- Connecticut Department of Labor issues annual report on economic indexes in each of the state’s 169 cities and towns
- The number of business establishments in Connecticut grew in 2020 despite the COVID-19 pandemic, but jobs growth in the state has been lagging
- Southeastern Connecticut towns and cities suffered the worst declines in their economic indexes during the pandemic
Summary by Dirk Langeveld
No city or town in Connecticut escaped a blow to its economic indexes due to the COVID-19 pandemic, according to recent data from the Connecticut Department of Labor. While the number of businesses in the state actually grew between 2019 and 2020, the state has lagged in job creation both in near-term and long-term trends.
The Connecticut Town Economic Indexes were introduced in 2015 and have been updated on an annual basis since then. The indexes are calculated based on each municipality’s number of business establishments, employment, inflation-adjusted annual wages, and unemployment rate.The first three factors are used to gauge a municipality’s business activities and overall economic strength, while the unemployment rate is used to assess the economic health of its residents.
Between 2019 and 2020, the number of business establishments in Connecticut grew by 1.9 percent to 125,313 – more than twice the 0.7 percent annual growth rate in 2019. The state has also seen its business establishments grow by 12.6 percent since 2010. Stamford remains Connecticut’s major business hub, with 6,302 companies located here in 2020.
Seventy-two percent of Connecticut’s municipalities added businesses between 2019 and 2020. Ninety-two percent have seen their business tally grow since 2010.
The economic effects of the COVID-19 pandemic led to a severe drop in employment in Connecticut in 2020, with average statewide employment falling 7.5 percent. Only 5 percent of municipalities saw job recovery during the year, while just 44 percent saw employment growth between 2010 and 2020.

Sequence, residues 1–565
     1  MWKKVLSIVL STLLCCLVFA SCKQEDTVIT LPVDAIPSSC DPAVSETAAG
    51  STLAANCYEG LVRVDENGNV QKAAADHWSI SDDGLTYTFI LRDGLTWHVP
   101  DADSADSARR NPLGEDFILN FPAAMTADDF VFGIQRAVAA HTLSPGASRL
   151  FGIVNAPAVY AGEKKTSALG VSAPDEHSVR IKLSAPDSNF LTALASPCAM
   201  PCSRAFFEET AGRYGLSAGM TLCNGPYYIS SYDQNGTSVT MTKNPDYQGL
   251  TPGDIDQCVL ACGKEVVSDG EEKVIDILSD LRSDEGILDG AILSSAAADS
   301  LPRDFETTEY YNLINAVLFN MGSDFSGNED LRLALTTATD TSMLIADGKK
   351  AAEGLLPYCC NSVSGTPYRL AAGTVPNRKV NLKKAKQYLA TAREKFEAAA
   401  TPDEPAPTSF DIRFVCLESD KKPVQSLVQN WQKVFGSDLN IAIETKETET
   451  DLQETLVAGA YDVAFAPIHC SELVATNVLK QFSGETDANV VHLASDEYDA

Ninety-seven percent of municipalities saw inflation-adjusted wage gains between 2019 and 2020, up from 61 percent in 2019. The average Connecticut worker in 2020 earned $61,328, a 6.2 percent increase from 2019 and a 3.1 percent increase from 2010.
The indexes use 2010 as the base year, with CTEI of 100 indicating economic conditions equivalent to those in 2010. The Department of Labor notes how Connecticut’s economic recovery from the Great Recession began in 2011, although economic indexes improved at a slower pace from 2016 to 2017 and again in 2019.
Most municipalities have seen economic improvement since 2010. All but eight towns or cities (Ledyard, Montville, New London, Norwich, Preston, Sprague, Southbury, and Trumbull) experienced growth in their economic index between 2010 and 2020.
Southeastern Connecticut experienced some of the worst economic fallout of the pandemic, with Ledyard and Montville showing the worst downturn in their economic indexes among municipalities with fewer than 25,000 people. Norwich and New London saw the worst decline for towns and cities of 25,000 to 100,000, with Norwich’s unemployment rate rising from 3.9 percent in 2019 to 14 percent in 2020 – the highest in the state.
Statewide, the unemployment rate grew from 3.6 percent in 2019 to 7.9 percent in 2020. The Connecticut DOL’s latest data shows that it has fallen to 7.3 percent.